Will Smart Home Tech Make Us Care More About Privacy?

The rise in smart home tech has greatly influenced massive evolution in engineering, automation, and augmented reality. It has helped bring about a rise in convenience in ways that no one would think of. Smart home techs are ultimately the next big thing in the tech world, thanks to smart devices like smart refrigerators that notify you when it’s time to buy a certain grocery or baby monitors that keep you updated on the baby’s movements at all times and reminders that help water your beautiful flowers. 

Japan is gradually embracing smart home technology, with the market expected to go well above US$ 13 Billion come 2027. The growth in tech is attributed to numerous factors, including the continuing increased importance of remote home monitoring, lower costs associated with home automation systems and the unprecedented growth of the IoT markets. However, there are valid concerns surrounding home tech, specifically a breach of security and privacy. Our expert author Narimi Murayama (read more) takes us through a comprehensive piece to help us understand if smart home tech will make us care more about privacy.

Smart Home Devices and Privacy

A recent study in 2019 claimed that an average of 40.8% of all smart homes globally faced smart home privacy concerns from at least one connected smart device. As smart home technology keeps advancing, all users must understand how much data the devices collect, who has access to it, and the final use of this information. Smart devices also can record all behavioral patterns, personal preferences, and usage frequency. This may pose a privacy and security breach as the devices may respond to false commands by similar face or voice protocols. However, tech companies are fully aware of this and have developed user protection protocols, including two-bit authentication using a 4-digit code.

Vulnerable Smart Home Tech Devices

Some of the most vulnerable smart devices are outdoor devices, as they have remote activation as their only security protocol. Provided one has a computer or transmitter; they can easily hack into any wireless doorbells, smart sprinklers, or garage shutters.

It is also easy to compromise smart home privacy on devices such as solar heaters and nanny cams operating inside the house as they are monitored from a highly vulnerable smartphone.

Data Collected by Smart Home Devices

Our Japanese expert Narimi Murayama believes that: 日本では、iゲーミングやネット ギャンブルにアクセスしスマートデバイスでモニタリングするなら、同じスマホを使うことができます。 Smart house devices collect a lot of data in both aural and visual forms. The risk of infiltration gets even higher when the tech is operated from a smartphone, which may compromise your IoT, bank accounts, and personal social media platforms.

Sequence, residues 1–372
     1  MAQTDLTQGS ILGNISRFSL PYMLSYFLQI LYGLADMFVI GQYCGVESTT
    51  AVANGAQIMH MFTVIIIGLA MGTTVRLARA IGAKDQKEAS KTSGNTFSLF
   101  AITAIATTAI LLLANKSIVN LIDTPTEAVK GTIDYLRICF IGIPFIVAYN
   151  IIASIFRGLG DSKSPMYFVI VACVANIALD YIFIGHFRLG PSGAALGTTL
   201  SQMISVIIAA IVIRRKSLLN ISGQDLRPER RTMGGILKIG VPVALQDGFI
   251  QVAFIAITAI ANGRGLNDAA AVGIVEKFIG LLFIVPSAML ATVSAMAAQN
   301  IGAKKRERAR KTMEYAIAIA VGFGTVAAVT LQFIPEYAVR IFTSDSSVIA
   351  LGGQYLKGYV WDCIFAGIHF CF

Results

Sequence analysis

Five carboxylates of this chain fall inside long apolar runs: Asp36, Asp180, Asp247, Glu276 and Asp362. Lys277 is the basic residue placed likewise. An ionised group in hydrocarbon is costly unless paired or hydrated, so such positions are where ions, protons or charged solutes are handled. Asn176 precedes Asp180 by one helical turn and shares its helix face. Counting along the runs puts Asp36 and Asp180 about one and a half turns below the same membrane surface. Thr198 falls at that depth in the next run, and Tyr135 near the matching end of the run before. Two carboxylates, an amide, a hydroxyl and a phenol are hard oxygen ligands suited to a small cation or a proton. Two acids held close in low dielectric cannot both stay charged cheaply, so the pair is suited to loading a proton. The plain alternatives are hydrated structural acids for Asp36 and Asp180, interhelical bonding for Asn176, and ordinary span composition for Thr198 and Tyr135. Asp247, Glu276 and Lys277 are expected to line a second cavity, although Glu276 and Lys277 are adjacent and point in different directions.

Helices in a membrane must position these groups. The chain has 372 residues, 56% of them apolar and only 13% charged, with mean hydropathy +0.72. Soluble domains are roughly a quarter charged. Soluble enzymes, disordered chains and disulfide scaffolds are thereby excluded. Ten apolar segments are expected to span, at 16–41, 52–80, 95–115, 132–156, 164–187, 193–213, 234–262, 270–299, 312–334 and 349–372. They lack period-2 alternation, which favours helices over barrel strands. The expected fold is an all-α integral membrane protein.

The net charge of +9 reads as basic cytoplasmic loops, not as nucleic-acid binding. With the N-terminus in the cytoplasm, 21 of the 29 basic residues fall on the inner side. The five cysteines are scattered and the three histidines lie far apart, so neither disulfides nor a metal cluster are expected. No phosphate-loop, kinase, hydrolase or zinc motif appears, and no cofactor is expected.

Take a literal case where you lose your phone, and someone manages to hack it. This means that they could get right into your house virtually and alter all your devices settings. It is also easy for an intruder to doctor footage recorded by smart devices like Ring by Amazon to gain illegal entry into your premises through the wireless door opening.

How Do Smart Home Tech Companies Use Collected Data?

According to different data acts in various jurisdictions, the tech companies will normally send out a privacy notice anytime there is a suspicious login. If you fail to authenticate your info, all services are blocked, which greatly heightens the risk of remote monitoring.

The companies also use the collected data from the smart devices to offer post-sale perks by extending warranties and personalizing services. Smart home tech devices also help manufacturers conduct promotions through targeted advertising on frequented places like social media spaces.

Smart home tech companies like Google, Nest, Amazon, and Echobee have previously not disclosed their transparency reports, which raises whether the collected info is given to other third parties like the government.

What to Do If You Suspect A Privacy Breach On Your Smart Home Tech Device

  • Disable any dormant smart home devices.
  • Consider having strong passwords and using two-factor authentication protocols
  • Consider changing administrator privileges with personal profiles on your computer’s root level.
  • Regularly changing alert words on smart home tech devices like Ring, Echo Dots, and Nest to keep away intruders from memorizing them.
  • Consider turning off the smart home devices when not in use.
  • Regularly run updates on your device user manual or automatic prompts to ensure your smart home tech gadgets are running on the current software.
Andrew Nguyen

Andrew Nguyen is a tech journalist with a background in Computer Science from Stanford University who has been demystifying technology for over a decade. He started his career at a magazine, where he polished his skills in explaining complex technologies in simple terms. He worked with leading tech companies in Silicon Valley, contributing to groundbreaking projects. His insights are enriched by his passion for the latest gadgets and advancements in AI. His hobbies include robotics and participating in tech forums. He is also an avid programmer and drone enthusiast.

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